I would choose to celebrate the couple hours we spend together. Of slapping one another? back...of watching one another? back...of uniting with each other...of rejoicing in someone? great play or clutch hit?ot because it helped us win, but because we know that person is stoked.
But I hear little laughter. Little joy. I hear judgement, or worse, I hear silence. I see stone faces. I see players going through the motions as if some great burden is upon them. We have players opting out with flimsy excuses. Refusing to dance the dance. As though playing a simple, little joyous game of softball is some sort of punishment to be avoided. I would urge those people to, indeed, go away. For your own mental health.
Then there is life. Taught by the meekest among us.
My soon-to-be three-year-old-son stops to smell flowers wherever we go...even when Dad is in a hurry. He loves the colors. He loves the aroma. He enjoys his world.
Now remember, Dylan has never heard that ancient sage advice about ?topping to smell the roses.? He just does it. By instinct. He hasn? learned to be bitter, yet. He hasn? learned how to stifle joy.
Oh, I? sure he will...in time. And when he does, when he? good and ready to throw an elbow at an opposing player, or curse one of his own, then?nd only then?will he be ready to take his rightful place amongst adults and yes, join a slo-pitch softball team with a group of his ?riends.?
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In the words of the black-eyed gentleman found in "One Flew Over the Cuckoo's Nest,"...."I'm very tired..."
I shalln't whine...there are others much less fortunate than I--but I'm rocked with the flu/cold yet again. With a wife that works in child care, and a near-three-year-old that also attends, I possess very few defenses. Think it matters that I pour my son's left-over milk on my cereal after he finishes with his bottle???? Nah, I didn't think so, either!
Hat's off to Rusty for continuing with the continum, though I'm not wearing a hat right now.
Not very hungry--appetite gone...head clogged...muscles aching. But like I said, let's not get on germ soap box here.
Anything new to report? Not really. Did a favor for the Little League and designed a 10th anniversary logo. Free, of course. Next thing you know, they want six new comps--color variations, you understand--then once it was approved (thank you for the "approval...") a separate file here, a revised file there, a black and white version over yonder, a bit-mapped file for the trophy guy...on and on. My nerves. Did I say I was tired?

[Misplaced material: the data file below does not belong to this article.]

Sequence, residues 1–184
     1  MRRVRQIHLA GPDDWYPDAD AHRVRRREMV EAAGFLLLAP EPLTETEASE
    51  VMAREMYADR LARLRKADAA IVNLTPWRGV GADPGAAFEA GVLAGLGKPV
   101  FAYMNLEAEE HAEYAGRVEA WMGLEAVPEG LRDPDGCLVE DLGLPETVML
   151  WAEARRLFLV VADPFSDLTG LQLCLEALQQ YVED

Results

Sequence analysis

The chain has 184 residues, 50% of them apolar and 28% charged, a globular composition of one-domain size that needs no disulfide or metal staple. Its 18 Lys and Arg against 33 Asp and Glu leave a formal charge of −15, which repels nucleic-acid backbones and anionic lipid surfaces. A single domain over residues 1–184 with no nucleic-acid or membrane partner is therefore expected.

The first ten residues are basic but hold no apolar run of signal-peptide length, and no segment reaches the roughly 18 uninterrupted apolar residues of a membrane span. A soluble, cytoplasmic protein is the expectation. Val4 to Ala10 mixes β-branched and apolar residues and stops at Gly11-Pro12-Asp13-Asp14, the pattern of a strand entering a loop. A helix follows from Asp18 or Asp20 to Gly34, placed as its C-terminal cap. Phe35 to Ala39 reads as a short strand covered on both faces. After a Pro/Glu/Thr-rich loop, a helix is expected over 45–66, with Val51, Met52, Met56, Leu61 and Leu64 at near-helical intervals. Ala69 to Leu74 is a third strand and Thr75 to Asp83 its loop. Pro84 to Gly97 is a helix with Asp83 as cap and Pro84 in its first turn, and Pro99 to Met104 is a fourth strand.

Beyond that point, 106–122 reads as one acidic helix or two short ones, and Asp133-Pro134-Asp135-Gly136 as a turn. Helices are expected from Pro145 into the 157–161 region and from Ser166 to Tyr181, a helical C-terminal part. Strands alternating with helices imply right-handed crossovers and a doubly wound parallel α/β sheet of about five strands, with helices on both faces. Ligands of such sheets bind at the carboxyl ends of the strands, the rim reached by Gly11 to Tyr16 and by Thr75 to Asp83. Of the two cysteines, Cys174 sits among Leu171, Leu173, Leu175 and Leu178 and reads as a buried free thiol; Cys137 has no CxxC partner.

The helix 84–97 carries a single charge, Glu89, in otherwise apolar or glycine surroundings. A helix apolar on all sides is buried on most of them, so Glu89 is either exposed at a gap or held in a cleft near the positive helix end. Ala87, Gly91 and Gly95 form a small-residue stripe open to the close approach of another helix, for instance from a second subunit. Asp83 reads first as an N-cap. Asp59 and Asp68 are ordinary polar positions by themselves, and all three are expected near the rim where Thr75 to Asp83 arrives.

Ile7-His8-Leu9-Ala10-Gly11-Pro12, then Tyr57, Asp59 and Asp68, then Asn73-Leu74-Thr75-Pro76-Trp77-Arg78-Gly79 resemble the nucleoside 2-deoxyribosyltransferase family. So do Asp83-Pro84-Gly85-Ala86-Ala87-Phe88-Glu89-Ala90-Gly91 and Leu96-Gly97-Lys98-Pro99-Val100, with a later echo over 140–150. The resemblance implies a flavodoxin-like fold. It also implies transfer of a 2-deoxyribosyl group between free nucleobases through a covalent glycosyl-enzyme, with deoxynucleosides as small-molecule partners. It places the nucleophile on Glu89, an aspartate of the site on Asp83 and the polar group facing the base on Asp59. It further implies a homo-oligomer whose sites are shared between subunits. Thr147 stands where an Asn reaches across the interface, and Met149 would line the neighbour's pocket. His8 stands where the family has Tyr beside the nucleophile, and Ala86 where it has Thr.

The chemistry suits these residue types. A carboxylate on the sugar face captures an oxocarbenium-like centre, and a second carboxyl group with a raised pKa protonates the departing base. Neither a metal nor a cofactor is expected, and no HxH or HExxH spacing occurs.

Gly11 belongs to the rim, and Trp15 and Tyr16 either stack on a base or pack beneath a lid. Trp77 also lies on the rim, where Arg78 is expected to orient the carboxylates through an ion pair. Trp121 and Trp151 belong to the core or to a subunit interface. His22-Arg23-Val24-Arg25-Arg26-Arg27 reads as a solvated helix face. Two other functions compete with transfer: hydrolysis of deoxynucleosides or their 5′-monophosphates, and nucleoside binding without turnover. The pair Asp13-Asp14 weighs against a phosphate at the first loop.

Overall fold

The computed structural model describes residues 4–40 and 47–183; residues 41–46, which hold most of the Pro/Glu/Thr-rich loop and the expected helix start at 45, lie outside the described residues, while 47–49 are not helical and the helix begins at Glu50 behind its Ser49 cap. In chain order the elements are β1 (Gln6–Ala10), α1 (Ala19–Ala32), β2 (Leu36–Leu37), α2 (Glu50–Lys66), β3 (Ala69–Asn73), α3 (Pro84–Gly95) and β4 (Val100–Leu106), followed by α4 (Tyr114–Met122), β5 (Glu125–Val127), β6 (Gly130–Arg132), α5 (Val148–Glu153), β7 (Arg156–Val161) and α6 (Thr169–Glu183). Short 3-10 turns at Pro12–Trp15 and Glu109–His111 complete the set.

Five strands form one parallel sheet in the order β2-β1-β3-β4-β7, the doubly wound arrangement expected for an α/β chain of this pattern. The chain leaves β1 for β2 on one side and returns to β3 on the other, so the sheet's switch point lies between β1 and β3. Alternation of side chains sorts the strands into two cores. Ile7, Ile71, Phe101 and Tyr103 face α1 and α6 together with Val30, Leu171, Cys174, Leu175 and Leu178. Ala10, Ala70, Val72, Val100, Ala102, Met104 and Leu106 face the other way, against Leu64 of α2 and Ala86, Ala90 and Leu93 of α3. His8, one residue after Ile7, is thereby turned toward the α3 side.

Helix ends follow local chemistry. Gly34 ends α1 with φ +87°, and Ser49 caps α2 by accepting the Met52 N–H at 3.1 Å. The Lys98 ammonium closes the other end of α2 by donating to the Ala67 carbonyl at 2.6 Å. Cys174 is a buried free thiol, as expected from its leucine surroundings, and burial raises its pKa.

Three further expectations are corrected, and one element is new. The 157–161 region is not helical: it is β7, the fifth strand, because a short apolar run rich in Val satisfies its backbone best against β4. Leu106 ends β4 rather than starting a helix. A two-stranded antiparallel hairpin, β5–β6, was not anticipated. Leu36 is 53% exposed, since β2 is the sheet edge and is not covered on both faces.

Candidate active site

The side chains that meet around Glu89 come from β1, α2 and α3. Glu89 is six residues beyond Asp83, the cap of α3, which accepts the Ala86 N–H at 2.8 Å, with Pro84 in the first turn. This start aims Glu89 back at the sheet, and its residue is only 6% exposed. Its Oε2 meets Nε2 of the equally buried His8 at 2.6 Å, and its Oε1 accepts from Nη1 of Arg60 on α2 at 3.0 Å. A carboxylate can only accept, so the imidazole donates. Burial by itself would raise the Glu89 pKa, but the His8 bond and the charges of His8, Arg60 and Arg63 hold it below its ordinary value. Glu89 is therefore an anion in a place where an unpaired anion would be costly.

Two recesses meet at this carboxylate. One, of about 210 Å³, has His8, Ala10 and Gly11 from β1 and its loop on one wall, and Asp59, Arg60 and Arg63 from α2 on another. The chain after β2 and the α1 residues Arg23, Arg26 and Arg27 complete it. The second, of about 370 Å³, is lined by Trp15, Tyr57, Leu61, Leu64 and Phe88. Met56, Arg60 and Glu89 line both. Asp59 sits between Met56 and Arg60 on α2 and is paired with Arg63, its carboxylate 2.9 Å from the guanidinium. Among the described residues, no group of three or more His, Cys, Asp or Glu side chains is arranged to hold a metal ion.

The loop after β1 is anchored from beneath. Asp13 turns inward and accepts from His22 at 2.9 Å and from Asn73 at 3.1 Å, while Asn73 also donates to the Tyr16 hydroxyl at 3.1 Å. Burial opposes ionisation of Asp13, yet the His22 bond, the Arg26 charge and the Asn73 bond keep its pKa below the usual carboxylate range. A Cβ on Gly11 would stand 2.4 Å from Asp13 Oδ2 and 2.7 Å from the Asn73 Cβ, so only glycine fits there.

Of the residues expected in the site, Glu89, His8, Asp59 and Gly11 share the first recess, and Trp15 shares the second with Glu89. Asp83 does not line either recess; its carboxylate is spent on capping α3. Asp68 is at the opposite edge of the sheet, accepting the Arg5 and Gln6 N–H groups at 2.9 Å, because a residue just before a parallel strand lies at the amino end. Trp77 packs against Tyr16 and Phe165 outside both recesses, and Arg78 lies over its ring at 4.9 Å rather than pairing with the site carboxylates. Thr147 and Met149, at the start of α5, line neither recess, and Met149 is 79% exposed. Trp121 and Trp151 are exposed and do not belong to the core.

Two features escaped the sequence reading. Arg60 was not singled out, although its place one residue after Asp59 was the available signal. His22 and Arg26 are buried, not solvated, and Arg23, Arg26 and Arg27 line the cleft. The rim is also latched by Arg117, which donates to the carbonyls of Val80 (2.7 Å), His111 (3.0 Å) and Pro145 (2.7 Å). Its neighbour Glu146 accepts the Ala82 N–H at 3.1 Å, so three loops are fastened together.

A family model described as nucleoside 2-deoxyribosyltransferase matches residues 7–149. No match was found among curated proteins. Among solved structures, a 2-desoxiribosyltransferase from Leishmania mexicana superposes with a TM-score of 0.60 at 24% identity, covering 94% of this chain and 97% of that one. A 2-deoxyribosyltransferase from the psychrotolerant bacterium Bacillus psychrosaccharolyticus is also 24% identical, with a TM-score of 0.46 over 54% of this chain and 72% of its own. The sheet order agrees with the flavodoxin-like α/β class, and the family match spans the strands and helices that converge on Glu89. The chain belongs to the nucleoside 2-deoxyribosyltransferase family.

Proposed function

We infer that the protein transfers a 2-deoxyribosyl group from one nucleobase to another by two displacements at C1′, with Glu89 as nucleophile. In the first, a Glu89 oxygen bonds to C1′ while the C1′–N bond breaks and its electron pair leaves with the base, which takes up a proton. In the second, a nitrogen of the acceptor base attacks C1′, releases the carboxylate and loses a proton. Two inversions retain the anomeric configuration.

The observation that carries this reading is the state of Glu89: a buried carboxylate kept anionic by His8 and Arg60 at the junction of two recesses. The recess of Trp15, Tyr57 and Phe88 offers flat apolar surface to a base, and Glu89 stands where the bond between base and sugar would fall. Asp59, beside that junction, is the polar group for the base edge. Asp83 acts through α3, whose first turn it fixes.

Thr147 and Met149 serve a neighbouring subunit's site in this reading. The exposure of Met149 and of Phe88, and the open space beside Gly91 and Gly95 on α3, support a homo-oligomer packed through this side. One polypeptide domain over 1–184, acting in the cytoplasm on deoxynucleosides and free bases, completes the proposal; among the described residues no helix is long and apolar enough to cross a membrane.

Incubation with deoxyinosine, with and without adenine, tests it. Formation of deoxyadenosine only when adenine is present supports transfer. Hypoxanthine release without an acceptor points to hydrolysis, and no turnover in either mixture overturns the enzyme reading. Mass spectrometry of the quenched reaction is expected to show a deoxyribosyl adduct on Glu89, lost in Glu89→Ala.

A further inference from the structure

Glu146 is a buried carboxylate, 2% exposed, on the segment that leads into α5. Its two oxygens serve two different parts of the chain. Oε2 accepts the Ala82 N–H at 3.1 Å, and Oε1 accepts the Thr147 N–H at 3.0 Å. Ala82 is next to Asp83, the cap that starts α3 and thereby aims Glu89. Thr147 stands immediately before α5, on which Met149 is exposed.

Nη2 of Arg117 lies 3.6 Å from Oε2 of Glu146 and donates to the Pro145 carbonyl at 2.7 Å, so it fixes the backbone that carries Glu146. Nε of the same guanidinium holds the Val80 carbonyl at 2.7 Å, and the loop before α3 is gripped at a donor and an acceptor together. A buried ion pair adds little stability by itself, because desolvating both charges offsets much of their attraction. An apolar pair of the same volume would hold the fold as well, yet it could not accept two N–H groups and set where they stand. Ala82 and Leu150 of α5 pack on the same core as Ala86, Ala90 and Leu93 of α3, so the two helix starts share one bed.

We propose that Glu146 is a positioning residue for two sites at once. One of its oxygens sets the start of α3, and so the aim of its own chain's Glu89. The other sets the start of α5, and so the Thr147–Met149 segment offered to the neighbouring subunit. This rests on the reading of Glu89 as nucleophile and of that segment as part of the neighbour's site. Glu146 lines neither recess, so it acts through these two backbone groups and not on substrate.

Finally got into the MP3 game. What a marvel of modern whatever. Digital-quality sound on such bizarre and ancient classics as "It's a Happening Thing," by Peanut Butter Conspiracy..."You're Gonna Miss Me," by 13th Floor Elevator...on and on. Felt like an 8th grader all over again.
Ahhhhhhhhhhhhhhh...8th grade..........when girls seemed like nubile goddesses in mini skirts and the AM airwaves were filled with the "new" psychedelic sounds. 8th grade...a time of innocence and joy...even if I was a nerd. Played the guitar, though. Never could parlay that into social points, however. 'Cause while Hendrix and Cream were re-defining the landscape, I was agog with Paul Revere and the Raiders. Like I said--a nerd.
But all that seems long, long ago...a time of children, really. And as I brace to become a secondary school teacher, I can only stifle my anger at the way teenagers flaunt their youth, unaware that with each ticking second, destiny whittles away at their creaseless faces, ready to deliver them inexorably and most assuredly upon the shores of AGED REALITY! Or to put it another way, "Geez, I hate to look in the mirror these days......"
Take care of yourself. Viruses understand little of charity and mercy. They make no exemptions.
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Hey, it's 2001!
After all the new millennium hype, how could a year have flown by already? Unrelievable...and that's no typo.
Finally got the Christmas present I've been wanting for 25 years--ever since those glorious, care-free, car-caravaning hobo days of my mid 20's. When I stood silently in awe at the towering cathedral Mother Nature had created along the great California Northwest coast. Redwood country. The state tree. Prehistoric anachronisms lost in a fast-paced, computer-chip, technological, soul-less world.
Yes....now planted in my front yard is a five-foot high redwood tree! With those delicate, translucent green needles and glorious "dripping-red-wax" trunk. All I ever needed was my own yard to plant it in. That part of the equation was completed in 1992. Wonder why it took another eight years to get off my arse? A tribute to negative inertia, I guess. But there he/she stands as we write, speak, or whatever it is we're doing here.
And that begs the question. Is my tree male or female? It'll get pine cones. Does that make it a she? Or is Mr. Redwood (sexual orientation unintended...) a hermaphrodite? You know, a biological creature containing within itself BOTH sexes, and therefore, capable of reproduction with no help whatsoever!
Now hold on, Birdie faithful. Don't go getting any biological ideas here. I'm sure we'd all like to dispense with the "chase," but we gotta leave earthworms and redwoods some of the fun! And for any of you scholars that care, a conifer tree (as in cones--of which a redwood is one) has both male and female cones, with the wind playing cupid.